In an article published in the Proceedings of the National Academies of Science, for example, Jerker Denrell of the University of Oxford and Chengwei Liu of the University of Warwick counsel us to model ourselves on solid, second-tier performers, not the flashy types who come in first. The researchers reported on the results of a game played in many rounds. Over time, the most skilled players came to inhabit a second tier of reliable competence. Those who succeeded spectacularly—who took their places in the first tier—were often not the most skilled, but rather were those who got some lucky breaks early on or took big risks that happened to pay off.
Emulating these top performers would probably lead to disappointment, since imitators would be unlikely to replicate their good fortune. Because luck and risk play a dominant role in extraordinary outcomes, Denrell and Liu write, “extreme success or failure are, at best, only weak signals of skill,” and top performers “should not be imitated or praised.” Better, they advise, to learn from individuals “with high, but not exceptional, performance”—those whose success can be attributed to solid skill and not to a rare lightning strike. (from Annie Murphy Paul's Brilliant blog)
Looking back on what I now consider a pretty bad mentor failure from last year--I paid someone a lot of money to help me generate a corporate speaking practice which never materialized--I think the failure happened largely because I hired a top-tier person. I don't know how big a role luck played in his success: most people, and most businesspeople in particular, elide the role of luck when discussing their successes. What I do know is that he had an unusually aggressive, arrogant, and egotistical personality that probably aided his success. Unfortunately, that same personality: (a) was impossible for me to emulate (and I didn't want to), and (b) seriously diminished his usefulness as a mentor. (He was REALLY hard to deal with, and also skimped on providing promised support.)
I will take the responsibility for becoming demotivated after my initial attempts failed, but had he been more approachable and available we might have worked together to create a success. (It's also worth noting that others whom I later consulted questioned his basic approach--which probably brings us back to the "top-tier mentor" problem, since approaches that work for people at the top often don't work for others.)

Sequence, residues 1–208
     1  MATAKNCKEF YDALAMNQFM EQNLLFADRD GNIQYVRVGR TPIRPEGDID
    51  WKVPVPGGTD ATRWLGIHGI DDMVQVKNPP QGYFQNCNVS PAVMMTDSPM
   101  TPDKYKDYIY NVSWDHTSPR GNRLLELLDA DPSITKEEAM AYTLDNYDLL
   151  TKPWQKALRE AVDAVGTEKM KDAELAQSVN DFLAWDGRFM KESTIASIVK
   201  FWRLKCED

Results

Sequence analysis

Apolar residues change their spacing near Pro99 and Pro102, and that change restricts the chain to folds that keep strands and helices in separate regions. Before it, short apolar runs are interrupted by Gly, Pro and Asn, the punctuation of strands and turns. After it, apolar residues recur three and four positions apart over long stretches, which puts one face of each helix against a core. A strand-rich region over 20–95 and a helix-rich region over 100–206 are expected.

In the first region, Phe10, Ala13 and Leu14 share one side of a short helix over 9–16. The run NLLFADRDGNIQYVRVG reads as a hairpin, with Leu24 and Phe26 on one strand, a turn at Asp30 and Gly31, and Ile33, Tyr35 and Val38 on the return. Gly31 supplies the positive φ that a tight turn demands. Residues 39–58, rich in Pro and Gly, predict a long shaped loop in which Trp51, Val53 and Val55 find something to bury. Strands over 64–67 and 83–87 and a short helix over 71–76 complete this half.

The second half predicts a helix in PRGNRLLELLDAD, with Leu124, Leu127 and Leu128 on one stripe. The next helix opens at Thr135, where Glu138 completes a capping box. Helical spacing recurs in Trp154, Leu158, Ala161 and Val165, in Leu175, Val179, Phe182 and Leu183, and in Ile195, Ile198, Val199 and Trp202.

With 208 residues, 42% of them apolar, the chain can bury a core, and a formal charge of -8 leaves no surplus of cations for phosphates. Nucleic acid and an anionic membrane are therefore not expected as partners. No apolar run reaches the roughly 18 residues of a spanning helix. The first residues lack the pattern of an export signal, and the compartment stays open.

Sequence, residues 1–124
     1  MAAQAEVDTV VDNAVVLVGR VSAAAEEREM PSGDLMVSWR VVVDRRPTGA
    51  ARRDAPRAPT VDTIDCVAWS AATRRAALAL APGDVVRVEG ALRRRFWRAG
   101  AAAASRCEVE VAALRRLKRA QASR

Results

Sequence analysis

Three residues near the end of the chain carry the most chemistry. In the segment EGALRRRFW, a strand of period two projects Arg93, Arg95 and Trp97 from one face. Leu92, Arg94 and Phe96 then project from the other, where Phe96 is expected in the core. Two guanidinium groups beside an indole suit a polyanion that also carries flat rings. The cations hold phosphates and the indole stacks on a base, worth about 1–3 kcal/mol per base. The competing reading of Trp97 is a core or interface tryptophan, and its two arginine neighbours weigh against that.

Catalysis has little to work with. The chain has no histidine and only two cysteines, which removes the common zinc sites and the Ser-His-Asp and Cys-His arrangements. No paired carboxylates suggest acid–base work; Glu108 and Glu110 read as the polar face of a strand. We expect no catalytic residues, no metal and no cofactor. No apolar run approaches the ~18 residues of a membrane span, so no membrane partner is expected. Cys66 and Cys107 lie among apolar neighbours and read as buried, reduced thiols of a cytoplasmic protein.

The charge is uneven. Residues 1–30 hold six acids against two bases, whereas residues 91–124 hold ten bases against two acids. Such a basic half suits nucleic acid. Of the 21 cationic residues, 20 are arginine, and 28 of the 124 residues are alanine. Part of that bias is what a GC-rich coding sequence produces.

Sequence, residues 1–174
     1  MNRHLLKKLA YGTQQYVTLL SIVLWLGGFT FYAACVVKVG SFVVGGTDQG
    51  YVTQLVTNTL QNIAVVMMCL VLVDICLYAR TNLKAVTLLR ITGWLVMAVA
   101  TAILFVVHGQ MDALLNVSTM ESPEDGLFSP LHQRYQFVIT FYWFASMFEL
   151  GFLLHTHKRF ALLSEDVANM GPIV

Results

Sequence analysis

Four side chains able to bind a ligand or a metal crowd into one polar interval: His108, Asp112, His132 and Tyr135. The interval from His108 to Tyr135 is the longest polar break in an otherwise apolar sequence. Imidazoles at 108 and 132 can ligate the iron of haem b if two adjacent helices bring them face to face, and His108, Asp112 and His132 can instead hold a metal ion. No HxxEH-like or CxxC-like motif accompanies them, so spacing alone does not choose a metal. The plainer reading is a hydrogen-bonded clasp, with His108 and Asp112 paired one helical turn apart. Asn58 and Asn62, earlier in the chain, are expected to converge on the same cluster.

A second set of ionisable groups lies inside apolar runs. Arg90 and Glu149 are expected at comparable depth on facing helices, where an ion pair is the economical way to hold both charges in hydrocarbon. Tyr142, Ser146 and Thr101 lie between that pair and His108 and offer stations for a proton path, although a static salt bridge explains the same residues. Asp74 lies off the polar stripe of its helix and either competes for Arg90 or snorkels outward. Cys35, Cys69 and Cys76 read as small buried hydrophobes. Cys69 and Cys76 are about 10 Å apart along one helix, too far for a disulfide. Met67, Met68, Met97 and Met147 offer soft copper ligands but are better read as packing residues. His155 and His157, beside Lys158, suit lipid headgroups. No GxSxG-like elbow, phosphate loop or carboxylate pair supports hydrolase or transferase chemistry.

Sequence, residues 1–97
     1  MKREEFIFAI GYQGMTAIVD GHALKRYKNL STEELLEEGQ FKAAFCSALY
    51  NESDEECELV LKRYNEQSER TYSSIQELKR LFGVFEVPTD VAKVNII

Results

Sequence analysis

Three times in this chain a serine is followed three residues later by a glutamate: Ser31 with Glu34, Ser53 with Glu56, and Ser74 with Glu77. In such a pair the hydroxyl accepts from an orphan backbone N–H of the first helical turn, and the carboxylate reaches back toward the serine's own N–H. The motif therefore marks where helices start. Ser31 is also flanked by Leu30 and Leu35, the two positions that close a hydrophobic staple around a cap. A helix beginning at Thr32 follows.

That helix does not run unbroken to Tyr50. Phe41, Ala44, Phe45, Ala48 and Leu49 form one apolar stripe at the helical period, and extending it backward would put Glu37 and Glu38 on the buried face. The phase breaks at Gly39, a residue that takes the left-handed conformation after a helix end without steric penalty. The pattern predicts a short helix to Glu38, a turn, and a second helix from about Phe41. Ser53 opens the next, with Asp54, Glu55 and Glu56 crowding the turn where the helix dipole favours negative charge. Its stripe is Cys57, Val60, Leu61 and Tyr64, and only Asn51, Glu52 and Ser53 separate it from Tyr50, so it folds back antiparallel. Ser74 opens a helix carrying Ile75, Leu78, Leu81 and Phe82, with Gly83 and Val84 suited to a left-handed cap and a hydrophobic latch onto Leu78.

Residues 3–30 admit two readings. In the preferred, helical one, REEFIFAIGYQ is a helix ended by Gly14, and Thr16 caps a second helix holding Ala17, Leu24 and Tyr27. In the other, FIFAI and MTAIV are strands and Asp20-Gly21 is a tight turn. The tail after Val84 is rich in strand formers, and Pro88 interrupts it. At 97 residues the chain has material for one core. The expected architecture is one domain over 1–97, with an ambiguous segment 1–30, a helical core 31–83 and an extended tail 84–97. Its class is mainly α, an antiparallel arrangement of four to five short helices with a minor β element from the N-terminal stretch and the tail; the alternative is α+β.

Was the mentorship, therefore, a complete waste? Absolutely not. (And dichotomizing--e.g., "fabulous value" versus "complete waste" is perfectionist.) It clarified my thinking and improved my communications style a lot by making it more customer-focused.
Were those benefits worth the $14,500* I paid? Probably not. I suspect I could have learned as much or more--with a lot less angst--from someone cheaper and less obnoxious. This year, for instance, I paid a mere $345 for a subscription to Copyblogger, and have been getting terrific value from it, perhaps because it is helping me build one of my core strengths, writing.
As you can tell from the fact that I did join Copyblogger, I didn't let the bad mentorship experience prevent me from seeking out new mentors. Why would I, when it's one of the most empowered and success-catalyzing things you can do?
*I am being up-front about the $14,500 expense in case you happen to be regretting any investments you've made that didn't pan out. $14,500 was a ton of money for me, and I actually spent another $4,000, and countless hours, implementing his suggestions. These were huge losses, but dwelling on them would be meaningless and counterproductive. Instead I focus on what I gained, and what I can do better in the future; and I suggest you do the same concerning any losses you may be regretting.
See also: How to Find and Keep a Mentor